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Metropolitan Museum Provides Free Access to 400,000 Digital Images

May 18, 2014
Nicolas Poussin, (French, Les Andelys 1594–1665 Rome), The Abduction of the Sabine Women, probably 1633–34. Oil on canvas. Accession Number: 46.160 Click on image to enlarge.

Nicolas Poussin, (French, Les Andelys 1594–1665 Rome), The Abduction of the Sabine Women, probably 1633–34. Oil on canvas. Accession Number: 46.160
Click on image to enlarge.

According to a press release from the Metropolitan Museum of Art in New York, a new Web program allows free download of 400,000 digital images for non-commercial use. This is in addition to the hundreds of Met exhibition catalogues that can be downloaded for free:

Thomas P. Campbell, Director and CEO of The Metropolitan Museum of Art, announced today that more than 400,000 high-resolution digital images of public domain works in the Museum’s world-renowned collection may be downloaded directly from the Museum’s website for non-commercial use—including in scholarly publications in any media—without permission from the Museum and without a fee. The number of available images will increase as new digital files are added on a regular basis.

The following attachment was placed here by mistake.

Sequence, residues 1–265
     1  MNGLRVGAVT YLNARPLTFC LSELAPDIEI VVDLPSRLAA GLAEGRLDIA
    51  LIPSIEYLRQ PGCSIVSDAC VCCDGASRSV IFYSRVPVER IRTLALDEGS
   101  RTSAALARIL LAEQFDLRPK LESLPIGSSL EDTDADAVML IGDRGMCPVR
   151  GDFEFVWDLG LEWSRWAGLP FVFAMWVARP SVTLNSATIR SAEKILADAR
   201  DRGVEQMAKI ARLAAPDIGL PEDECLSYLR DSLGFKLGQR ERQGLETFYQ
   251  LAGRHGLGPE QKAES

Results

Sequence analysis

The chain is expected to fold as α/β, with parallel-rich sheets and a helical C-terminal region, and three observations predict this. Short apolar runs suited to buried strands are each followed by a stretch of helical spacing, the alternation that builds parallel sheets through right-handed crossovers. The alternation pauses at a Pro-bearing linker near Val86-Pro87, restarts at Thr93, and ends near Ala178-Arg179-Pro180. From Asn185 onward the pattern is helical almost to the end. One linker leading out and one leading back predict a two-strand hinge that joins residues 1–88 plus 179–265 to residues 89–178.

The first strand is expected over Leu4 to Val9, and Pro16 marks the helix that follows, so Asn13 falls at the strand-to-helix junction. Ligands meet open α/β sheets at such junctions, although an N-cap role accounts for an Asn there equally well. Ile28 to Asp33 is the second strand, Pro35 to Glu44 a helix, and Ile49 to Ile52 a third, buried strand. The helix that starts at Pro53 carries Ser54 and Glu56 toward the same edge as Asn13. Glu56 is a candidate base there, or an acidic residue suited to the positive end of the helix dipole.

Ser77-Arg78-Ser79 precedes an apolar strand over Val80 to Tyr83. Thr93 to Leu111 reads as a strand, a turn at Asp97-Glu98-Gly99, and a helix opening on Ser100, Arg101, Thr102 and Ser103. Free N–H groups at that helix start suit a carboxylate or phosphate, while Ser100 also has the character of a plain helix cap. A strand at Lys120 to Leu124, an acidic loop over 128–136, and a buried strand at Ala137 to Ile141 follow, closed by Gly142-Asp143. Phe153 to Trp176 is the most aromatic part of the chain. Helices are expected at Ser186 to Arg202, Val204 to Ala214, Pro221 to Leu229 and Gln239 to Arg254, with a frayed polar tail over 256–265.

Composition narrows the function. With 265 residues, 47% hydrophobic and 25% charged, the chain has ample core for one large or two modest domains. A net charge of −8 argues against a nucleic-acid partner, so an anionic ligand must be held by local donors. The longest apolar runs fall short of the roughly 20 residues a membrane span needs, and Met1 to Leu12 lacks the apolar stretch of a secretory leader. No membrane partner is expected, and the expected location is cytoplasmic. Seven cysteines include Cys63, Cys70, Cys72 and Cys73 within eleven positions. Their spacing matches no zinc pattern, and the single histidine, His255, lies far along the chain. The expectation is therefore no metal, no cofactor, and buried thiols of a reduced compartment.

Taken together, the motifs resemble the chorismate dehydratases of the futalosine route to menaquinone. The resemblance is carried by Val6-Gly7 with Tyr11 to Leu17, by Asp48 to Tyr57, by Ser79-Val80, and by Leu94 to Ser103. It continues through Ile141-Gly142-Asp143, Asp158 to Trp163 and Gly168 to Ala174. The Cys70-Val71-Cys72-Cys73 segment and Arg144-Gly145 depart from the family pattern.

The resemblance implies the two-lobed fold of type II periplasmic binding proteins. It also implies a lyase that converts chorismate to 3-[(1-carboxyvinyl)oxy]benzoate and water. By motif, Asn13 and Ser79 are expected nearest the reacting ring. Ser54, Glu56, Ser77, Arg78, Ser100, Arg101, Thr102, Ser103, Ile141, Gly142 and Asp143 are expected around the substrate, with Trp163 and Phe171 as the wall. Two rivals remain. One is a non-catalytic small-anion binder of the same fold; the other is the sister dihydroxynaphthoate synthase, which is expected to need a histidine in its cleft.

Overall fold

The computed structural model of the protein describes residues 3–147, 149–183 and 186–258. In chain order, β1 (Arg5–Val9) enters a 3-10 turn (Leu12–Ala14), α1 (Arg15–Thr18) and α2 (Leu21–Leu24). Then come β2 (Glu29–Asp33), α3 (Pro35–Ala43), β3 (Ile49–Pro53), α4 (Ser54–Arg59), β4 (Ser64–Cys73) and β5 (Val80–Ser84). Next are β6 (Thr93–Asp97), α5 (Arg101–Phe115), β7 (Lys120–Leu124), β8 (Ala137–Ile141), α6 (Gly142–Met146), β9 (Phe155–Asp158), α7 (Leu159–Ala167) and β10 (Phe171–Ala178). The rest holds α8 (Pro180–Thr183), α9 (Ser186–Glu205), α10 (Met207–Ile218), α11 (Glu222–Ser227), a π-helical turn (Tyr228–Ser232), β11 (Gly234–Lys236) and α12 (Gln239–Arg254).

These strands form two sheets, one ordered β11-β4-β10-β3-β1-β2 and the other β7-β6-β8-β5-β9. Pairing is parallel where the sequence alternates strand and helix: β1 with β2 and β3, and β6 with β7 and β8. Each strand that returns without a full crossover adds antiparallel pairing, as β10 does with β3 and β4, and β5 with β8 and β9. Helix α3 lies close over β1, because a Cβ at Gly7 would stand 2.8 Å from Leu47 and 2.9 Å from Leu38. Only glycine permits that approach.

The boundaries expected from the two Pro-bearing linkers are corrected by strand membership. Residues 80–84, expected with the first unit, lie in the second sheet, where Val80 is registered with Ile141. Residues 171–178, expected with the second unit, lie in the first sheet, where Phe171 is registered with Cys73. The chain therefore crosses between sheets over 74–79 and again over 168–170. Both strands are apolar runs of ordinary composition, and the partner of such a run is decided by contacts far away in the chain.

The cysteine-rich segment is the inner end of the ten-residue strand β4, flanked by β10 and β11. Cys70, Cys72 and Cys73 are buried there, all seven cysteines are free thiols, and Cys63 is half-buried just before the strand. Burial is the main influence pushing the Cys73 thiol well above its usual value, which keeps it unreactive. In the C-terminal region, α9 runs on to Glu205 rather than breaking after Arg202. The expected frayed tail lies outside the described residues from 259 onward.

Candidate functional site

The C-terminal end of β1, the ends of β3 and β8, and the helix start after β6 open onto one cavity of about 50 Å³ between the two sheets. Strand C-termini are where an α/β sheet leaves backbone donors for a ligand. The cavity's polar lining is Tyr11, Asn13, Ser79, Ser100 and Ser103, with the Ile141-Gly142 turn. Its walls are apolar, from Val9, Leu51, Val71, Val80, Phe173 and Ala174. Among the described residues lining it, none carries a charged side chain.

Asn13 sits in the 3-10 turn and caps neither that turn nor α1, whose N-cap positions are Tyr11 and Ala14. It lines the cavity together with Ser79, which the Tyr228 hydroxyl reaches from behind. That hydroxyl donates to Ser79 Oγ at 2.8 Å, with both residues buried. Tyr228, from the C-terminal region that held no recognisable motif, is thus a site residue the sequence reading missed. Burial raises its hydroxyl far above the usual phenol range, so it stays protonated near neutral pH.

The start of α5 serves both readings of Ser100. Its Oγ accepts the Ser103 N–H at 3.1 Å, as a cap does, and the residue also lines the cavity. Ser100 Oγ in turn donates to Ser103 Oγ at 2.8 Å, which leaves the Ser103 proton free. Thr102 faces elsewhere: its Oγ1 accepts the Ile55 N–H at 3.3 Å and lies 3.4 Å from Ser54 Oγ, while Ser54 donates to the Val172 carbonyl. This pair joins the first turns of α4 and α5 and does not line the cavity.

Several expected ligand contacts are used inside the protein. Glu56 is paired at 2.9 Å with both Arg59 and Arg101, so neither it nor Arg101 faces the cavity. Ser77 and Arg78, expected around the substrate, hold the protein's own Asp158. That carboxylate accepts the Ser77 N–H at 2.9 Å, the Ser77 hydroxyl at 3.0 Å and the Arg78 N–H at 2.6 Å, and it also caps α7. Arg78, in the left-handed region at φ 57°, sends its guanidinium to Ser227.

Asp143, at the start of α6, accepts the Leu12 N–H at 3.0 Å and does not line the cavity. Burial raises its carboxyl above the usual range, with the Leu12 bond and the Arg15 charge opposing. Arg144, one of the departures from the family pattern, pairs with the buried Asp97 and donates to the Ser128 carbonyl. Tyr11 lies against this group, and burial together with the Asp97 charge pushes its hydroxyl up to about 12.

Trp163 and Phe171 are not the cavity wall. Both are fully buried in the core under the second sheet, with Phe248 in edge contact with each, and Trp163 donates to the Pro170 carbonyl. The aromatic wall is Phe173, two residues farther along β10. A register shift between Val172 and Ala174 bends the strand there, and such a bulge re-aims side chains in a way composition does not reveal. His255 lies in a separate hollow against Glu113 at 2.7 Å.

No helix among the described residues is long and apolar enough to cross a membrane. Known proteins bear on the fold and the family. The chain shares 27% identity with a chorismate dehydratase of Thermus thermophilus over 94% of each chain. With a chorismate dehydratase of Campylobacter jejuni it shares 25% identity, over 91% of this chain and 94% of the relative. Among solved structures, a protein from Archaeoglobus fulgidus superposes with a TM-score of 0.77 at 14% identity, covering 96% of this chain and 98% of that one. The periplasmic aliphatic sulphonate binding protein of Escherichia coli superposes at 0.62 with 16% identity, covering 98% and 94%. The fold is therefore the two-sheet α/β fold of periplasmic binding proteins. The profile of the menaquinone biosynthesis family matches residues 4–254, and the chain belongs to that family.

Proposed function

In making the announcement, Mr. Campbell said: “Through this new, open-access policy, we join a growing number of museums that provide free access to images of art in the public domain. I am delighted that digital technology can open the doors to this trove of images from our encyclopedic collection.”

The Metropolitan Museum’s initiative—called Open Access for Scholarly Content (OASC)—provides access to images of art in its collection that the Museum believes to be in the public domain and free of other known restrictions; these images are now available for scholarly use in any media. Works that are covered by the new policy are identified on the Museum’s [Web site] with the acronym OASC.

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